You will need a medical clearance from your family physician within 30 days of surgery. This includes a history and physical, and possibly an EKG and chest X-ray (if you have had significant lung disease). You may be required to have additional diagnostic and lab tests at the discretion of your physician.
On the night before surgery, do NOT eat or drink after midnight. Postpone your diabetic medications until after surgery or reduce the dose if surgery is in the late morning or afternoon. Continue to take other medications prior to surgery, including aspirin. You may take your medications with a little bit of water.
What to wear: Clean clothes, loose tops, short sleeve top, no dresses, no body suits, no turtlenecks. Do not wear eye makeup, facial moisturizer, perfume, cologne, or body mist.
Location: The Surgery Center (downstairs below the main office)
Arrival: The week before surgery, our office will send to you by mail your surgery time and will let you know what time to arrive. Upon arrival, you will complete surgical center registration forms. Bring insurance cards with you. Be prepared to pay co-pays or any other out of pocket expenses.
Length of stay: Count on being at the facility for one to two hours, possibly more. You will need someone to take you home. Friends and relatives may wait for you in the waiting room or in the café on the first floor of the surgery center.
The surgery center will NOT release you without a companion.
- First, an anesthesiologist will provide a mild sedative to make your surgery more comfortable and to relax you.
- To remove the cataract, the cataract surgeon makes a microscopic incision and gently removes the cataract in a procedure called phacoemulsification.
- Next, the intraocular lens is inserted through the same microscopic incision and placed into the lens capsule of your eye where the natural lens was located. The procedure usually takes only 10 to 20 minutes.
- Today, cataract removal is generally performed as an outpatient procedure under topical anesthesia in over 99% of patients, and they leave the operating room without needing an eye patch.
- Because this procedure is performed through a microscopic incision, the eye usually seals itself without stitches.
- Following the procedure, most people return home within an hour or so. Vision is improved immediately in many cases. However, vision usually continues to improve in the weeks following the procedure until you achieve your best-possible vision.
Your eye will be examined the same or next day and then at intervals determined by your doctor.
You should have someone with you at home after surgery because of the medication you will receive.
Go home and rest.
After surgery you will be wearing an eye shield. Keep the shield on the entire first day except to place eye drops as instructed.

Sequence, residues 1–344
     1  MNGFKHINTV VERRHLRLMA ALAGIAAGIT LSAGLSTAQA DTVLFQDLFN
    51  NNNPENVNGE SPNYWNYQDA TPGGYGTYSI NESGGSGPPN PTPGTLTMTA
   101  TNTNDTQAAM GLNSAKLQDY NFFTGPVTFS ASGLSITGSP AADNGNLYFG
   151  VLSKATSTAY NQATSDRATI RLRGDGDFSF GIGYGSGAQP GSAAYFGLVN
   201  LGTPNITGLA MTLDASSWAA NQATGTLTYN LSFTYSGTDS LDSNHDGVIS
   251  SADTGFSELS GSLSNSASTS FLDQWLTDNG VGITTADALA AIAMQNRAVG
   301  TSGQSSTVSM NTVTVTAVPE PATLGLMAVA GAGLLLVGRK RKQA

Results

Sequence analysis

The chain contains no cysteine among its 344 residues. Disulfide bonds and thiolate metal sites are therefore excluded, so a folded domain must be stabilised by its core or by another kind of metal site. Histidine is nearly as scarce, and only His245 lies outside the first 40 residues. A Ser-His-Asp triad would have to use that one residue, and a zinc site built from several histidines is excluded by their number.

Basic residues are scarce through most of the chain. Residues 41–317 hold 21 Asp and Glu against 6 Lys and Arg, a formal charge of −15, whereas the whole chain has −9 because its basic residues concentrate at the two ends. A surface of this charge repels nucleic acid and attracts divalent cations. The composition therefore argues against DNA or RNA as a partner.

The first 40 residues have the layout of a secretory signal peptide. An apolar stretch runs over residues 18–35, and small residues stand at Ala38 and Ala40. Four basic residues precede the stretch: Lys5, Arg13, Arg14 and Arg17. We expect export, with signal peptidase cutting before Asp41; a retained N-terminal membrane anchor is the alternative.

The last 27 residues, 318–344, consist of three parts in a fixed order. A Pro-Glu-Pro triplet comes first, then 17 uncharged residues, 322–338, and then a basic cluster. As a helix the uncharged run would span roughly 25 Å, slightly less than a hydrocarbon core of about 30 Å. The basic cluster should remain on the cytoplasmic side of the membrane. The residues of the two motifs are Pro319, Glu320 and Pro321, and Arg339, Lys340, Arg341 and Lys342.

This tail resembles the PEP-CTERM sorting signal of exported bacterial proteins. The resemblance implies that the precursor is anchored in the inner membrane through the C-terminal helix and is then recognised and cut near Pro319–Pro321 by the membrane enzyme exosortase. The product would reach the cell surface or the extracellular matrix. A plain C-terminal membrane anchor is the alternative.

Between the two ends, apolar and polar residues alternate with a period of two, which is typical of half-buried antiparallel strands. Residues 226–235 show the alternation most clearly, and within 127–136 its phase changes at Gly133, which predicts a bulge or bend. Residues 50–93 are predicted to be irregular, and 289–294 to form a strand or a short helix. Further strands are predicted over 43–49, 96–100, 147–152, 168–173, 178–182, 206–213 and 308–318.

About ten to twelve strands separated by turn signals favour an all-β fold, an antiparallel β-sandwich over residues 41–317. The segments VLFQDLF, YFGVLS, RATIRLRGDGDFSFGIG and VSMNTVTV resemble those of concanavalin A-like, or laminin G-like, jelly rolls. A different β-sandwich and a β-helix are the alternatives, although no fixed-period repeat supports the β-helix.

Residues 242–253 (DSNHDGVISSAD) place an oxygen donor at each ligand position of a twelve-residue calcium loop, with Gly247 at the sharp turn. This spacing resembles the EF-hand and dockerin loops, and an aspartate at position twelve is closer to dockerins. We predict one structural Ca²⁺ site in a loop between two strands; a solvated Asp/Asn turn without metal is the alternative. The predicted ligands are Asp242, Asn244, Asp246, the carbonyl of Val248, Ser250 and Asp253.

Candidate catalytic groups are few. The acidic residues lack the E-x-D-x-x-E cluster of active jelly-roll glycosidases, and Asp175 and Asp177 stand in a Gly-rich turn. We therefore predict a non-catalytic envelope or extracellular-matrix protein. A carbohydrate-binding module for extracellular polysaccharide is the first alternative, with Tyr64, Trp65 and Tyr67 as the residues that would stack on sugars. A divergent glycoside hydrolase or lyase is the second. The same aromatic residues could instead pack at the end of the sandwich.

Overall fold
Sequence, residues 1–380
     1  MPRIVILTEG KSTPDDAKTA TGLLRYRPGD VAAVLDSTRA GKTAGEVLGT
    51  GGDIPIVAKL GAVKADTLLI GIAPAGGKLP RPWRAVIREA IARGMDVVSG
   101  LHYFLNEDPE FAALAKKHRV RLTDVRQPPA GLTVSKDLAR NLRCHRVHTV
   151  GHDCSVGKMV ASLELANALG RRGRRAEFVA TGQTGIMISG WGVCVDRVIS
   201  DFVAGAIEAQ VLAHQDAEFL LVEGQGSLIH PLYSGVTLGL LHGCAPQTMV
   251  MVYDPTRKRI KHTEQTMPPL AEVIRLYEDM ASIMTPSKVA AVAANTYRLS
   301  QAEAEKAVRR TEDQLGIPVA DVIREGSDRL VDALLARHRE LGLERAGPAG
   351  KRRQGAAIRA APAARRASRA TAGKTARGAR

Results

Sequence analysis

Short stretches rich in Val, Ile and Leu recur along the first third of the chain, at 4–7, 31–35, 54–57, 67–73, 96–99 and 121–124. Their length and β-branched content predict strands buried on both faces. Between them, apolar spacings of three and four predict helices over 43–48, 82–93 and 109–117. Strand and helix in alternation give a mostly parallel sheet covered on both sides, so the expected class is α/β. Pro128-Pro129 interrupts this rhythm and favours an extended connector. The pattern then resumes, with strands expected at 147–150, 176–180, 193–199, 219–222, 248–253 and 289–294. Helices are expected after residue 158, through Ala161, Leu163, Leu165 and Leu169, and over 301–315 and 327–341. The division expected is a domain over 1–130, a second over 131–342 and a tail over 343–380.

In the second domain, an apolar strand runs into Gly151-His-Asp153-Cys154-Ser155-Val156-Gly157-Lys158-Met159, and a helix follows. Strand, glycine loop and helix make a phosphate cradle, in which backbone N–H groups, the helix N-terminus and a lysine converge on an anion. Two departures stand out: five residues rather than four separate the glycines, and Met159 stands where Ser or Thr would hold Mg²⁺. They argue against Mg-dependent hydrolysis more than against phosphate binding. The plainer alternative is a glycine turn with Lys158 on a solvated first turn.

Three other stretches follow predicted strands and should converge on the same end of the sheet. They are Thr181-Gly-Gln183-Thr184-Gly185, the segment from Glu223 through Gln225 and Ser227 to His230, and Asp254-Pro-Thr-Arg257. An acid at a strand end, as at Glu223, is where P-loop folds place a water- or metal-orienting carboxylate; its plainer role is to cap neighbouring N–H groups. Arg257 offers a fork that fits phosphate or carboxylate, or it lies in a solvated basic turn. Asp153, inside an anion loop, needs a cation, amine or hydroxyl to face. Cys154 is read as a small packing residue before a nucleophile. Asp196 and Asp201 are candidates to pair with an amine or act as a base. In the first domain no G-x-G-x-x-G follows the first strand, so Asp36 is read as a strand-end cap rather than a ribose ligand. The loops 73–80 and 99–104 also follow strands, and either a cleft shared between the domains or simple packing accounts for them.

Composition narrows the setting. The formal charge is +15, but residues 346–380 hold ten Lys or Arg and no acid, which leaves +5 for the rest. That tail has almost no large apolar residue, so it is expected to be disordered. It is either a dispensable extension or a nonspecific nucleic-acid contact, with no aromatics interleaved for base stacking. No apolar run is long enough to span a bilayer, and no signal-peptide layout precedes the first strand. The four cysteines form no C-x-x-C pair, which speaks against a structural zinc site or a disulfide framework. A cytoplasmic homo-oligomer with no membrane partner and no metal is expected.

(If your eye is patched closed, don’t start your medications until seen by the doctor the next day.)
Eye drops: You started some of these drops a few days before surgery. The antibiotic drop you started will be continued for one week. The 2 other drops will be both used about four to six weeks, depending on your individual rate of healing.
*Wait 3 minutes between each of your drops
*Bring all eye medications to all of your post-op appointments.
Back to work: You may be able to return to work the next day after surgery, depending on your occupation.
Exercise: You may resume some physical activities in as soon as one day depending on your surgery. Do not get sweat into your eyes.
- No heavy lifting over 30 pounds, no bending over, and no straining for one week.
- Do not ever rub or push your eye.
- Do not allow water to flow directly onto your face or directly at your eyes for 5 days after surgery.
- Do not wear makeup, moisturizer, perfume or cologne for 5 days.
- Do not swim or use jacuzzis or saunas for 2 weeks.
- Do not use hair chemicals (color treatments or harsh solutions) for 10 days.
- Wear the eye shield at night for one week.
Pets: Please be sure to wash linens after your surgery. Please do not sleep with pets. Their fine hair may get into your eyes.
Surgery on your second eye: If you need cataract surgery in both eyes, the second eye can be done two to four weeks later.
Glasses: If needed, glasses for standard cataract surgery will be prescribed by your doctor or your comanaging doctor about a week after medications are stopped.
Normal healing: You may experience: scratchiness, few areas of redness, foreign body sensation, mild tenderness to touch, and fluctuating vision.
Call the Office Immediately If:
- You have severe eye pain.
- Your vision becomes worse.
- The redness of your eye worsens.
- Your eyelids become swollen.
- You have flashes of light or sudden worsening of floaters.
- You have a curtain or cobweb in your vision.